The PR Bucs Monday Mailbag is where PewterReport.com’s Mark Cook answers your questions from our Twitter account. You can submit your question each week via Twitter using the hashtag #PRMailbag.
Below are the questions we chose for this week’s edition of the PR Bucs Monday Mailbag.
Question: If Jets DE Leonard Williams is available would Jason Licht be interesting in dealing for him?
Answer: I think from a talent standpoint, of course the Bucs would be interested. The problem is his $14.2 million salary in 2019 because the former first-round pick is on his fifth-year option. Another problem is the fact he is in the last year of his contract and there is no guarantee he re-signs without doing a long-term deal in advance. So most likely to get Williams away from New York you would be looking at, I am guessing a third-round pick in 2020 at the very least, then you possibly have rented a player for one season, while giving up a premium draft pick.
It is doubtful Williams, who was drafted by Todd Bowles in New York, would agree to a long-term contract with the trade, instead most likely wanting to test the free agent market in 2020. With the Bucs’ current salary cap situation it would take some significant shuffling of money to even clear enough space to sign him, even if you are willing to gamble on renting him for one season. Of course anything is possible, however adding a player due $14.2 million this offseason seems highly unlikely.
Question: It would be hard for me to talk football professionally if I’m Jason Licht. How can you repeat 5-11 seasons and be in salary cap hell? Are the Bucs trending in the wrong direction? How will the O-line become more competitive as a run blocking unit?
Answer: I get what you are saying, and if I am a fan of this team, I would be just as frustrated. For whatever the reasons are, Licht’s personnel plan just hasn’t panned out – so far. And perhaps it won’t if the Bruce Arians experiment fails in Tampa.
But the pieces seem to be in place (mainly the new coaching staff and a couple of offseason additions) to turn things around. It seems like it’s now or never. While an 8-8 record would be step in the right direction, I think this team is capable of more given the talent, especially on offense. I suppose we will see how much of the previous two 5-11 seasons were on the coaching staff as opposed to a perceived lack of talent.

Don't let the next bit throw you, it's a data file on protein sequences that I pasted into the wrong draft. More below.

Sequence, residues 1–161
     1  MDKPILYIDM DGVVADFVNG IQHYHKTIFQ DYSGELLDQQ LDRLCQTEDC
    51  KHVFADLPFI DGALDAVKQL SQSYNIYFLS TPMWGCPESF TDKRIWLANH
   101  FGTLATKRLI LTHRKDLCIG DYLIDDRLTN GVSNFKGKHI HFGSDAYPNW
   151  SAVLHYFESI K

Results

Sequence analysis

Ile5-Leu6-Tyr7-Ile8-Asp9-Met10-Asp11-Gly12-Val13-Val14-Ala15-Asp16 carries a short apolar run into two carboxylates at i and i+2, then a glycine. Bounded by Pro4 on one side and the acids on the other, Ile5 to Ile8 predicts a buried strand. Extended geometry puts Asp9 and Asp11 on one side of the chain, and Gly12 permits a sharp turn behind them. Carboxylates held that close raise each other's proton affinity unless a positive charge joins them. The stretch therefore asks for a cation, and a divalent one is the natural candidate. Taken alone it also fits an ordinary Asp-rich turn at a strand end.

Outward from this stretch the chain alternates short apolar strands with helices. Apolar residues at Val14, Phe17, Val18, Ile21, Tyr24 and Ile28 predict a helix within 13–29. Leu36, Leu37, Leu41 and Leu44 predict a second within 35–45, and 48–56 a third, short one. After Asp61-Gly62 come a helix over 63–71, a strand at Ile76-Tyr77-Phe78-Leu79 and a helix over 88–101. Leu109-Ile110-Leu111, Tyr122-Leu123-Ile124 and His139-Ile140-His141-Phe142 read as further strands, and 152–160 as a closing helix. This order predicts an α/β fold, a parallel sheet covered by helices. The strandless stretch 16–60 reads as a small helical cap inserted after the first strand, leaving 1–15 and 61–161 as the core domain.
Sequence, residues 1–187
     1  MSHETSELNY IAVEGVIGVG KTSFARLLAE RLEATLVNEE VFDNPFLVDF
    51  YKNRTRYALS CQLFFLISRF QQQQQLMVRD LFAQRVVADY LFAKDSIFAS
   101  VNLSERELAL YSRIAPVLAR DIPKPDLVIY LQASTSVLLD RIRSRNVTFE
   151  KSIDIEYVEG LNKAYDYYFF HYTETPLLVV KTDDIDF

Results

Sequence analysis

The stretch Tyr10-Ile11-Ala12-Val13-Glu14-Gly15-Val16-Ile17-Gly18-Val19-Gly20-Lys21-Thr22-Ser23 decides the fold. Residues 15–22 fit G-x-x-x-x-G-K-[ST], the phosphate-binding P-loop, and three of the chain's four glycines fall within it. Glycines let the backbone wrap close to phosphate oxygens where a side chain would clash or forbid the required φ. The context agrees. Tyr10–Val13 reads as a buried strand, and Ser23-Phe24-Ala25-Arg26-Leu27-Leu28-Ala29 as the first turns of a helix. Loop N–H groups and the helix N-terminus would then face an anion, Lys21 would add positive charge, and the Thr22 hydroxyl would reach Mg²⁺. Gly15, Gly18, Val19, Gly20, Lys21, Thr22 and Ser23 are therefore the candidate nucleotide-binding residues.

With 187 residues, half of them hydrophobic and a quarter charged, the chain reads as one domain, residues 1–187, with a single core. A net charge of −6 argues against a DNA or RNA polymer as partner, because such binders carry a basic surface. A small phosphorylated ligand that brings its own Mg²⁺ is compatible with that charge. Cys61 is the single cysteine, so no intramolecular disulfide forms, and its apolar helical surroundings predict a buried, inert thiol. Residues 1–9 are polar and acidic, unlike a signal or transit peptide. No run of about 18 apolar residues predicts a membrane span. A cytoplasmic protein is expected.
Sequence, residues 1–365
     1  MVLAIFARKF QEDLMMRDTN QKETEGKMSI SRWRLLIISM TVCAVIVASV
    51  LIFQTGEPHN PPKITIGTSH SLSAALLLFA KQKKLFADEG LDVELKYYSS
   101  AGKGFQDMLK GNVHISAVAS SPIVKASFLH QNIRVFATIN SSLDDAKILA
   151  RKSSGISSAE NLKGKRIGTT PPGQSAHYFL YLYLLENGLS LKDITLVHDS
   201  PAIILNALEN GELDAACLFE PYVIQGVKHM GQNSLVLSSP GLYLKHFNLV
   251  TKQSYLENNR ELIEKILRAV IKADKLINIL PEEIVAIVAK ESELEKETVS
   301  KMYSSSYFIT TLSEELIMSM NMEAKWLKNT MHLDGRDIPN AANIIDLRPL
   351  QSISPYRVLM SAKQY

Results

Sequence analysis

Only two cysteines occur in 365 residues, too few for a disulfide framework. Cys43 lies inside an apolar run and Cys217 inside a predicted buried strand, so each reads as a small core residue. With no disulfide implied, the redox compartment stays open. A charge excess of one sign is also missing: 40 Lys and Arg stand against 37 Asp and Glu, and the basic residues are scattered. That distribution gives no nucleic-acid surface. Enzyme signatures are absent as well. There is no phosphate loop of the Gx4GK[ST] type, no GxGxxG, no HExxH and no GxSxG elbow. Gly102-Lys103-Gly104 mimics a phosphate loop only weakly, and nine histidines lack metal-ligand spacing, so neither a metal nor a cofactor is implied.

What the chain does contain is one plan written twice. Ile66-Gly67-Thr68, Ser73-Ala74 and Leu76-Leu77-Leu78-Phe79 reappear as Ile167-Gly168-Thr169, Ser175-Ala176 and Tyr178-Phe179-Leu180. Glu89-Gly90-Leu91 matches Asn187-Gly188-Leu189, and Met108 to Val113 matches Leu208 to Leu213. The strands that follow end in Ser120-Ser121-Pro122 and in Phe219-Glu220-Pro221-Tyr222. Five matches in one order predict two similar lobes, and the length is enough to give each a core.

Your question about the offensive line will certainly be answered if it is a lack of talent or if it were a poorly coached unit. The Bucs have spent huge money on Ali Marpet, Ryan Jensen and now Donovan Smith, and have a sizable investment in Demar Dotson. If this core group struggles again under Harold Goodwin and Joe Gilbert, then it is clear the talent evaluation from the front office was wrong.
Question: When is the deadline to sign rookies? I believe there is a cutoff so they can participate in the mandatory camps? Also, I loved Bobo Wilson at FSU. Do you see him getting significantly more playing time this year?
Answer: There is no hard deadline or cutoff. Remember, before the rookie salary cap was put into place it was common for first-round draft picks to miss the first few days of training camp holding out back in the day. Keep in mind that the Bucs are tight against the salary cap and would likely have to make a roster move or do a restructure to free up some salary cap space to sign first-round pick Devin White.
Participating in the mandatory mini-camp will be up to the unsigned player and the agent, but there are some insurance provisions in place to guard against injury. There is no reason to think the unsigned draft picks, if there are any in the next few weeks, wouldn’t participate in June. The mandatory mini-camp, like the other offseason workouts, are non-contact and there isn’t any more risk for injury. Obviously, training camp is another story, but the days of holdouts are virtually a thing of the past with the rookie scale implemented back during the 2011 Collective Bargaining Agreement.
Bobo Wilson is someone I will really watch once training camp gets underway. This is essentially a make-or-break year for him. The opportunity is there is for him to make the roster and be a contributor, but it is a crowded field. The team currently has 12 receivers on their roster, and only room for five or six on the final 53. With no clear-cut kick returner as of now, Wilson can increase his odds of making the team if he excels during training camp and the preseason returning punts and kickoffs. But his growth as a receiver will need to continue, as keeping a roster spot for someone who only returns kicks is also a thing of the past on most teams.
Question: With Adam Humphries and DeSean Jackson no longer on team, which two receivers fill those voids – likely Breshad Perriman, Justin Watson or Bobo Wilson, or rookies Scotty Miller or DaMarkus Lodge?
Answer: I don’t think there is any question that Breshad Perriman is the No. 3 guy. He has shined in the offseason and the team has privately told us they are as excited about him as any free agent they signed in the offseason. Perriman may not be as blazing fast as DeSean Jackson, although some might argue, but what he does bring is a bigger receiver that will go and fight for the football at 6-foot-2. The 5-foot-10 Jackson had a limited catch radius, partly due to his size and partly due to his lack of effort to fight for contested balls, but that isn’t the case with Perriman.
At 6-foot-2, Watson is also a big target and has an opportunity to step up and turn some heads. As does Wilson. Once you get past Mike Evans, Chris Godwin and Perriman, everyone is on an even playing field coming in with a new staff and a new playbook. For now, my guess is Scotty Miller and Lodge will have a tougher time making the roster, but one could emerge as the final receiver. And if not make the 53-man, one or both of those rookie receivers could be practice squad candidates.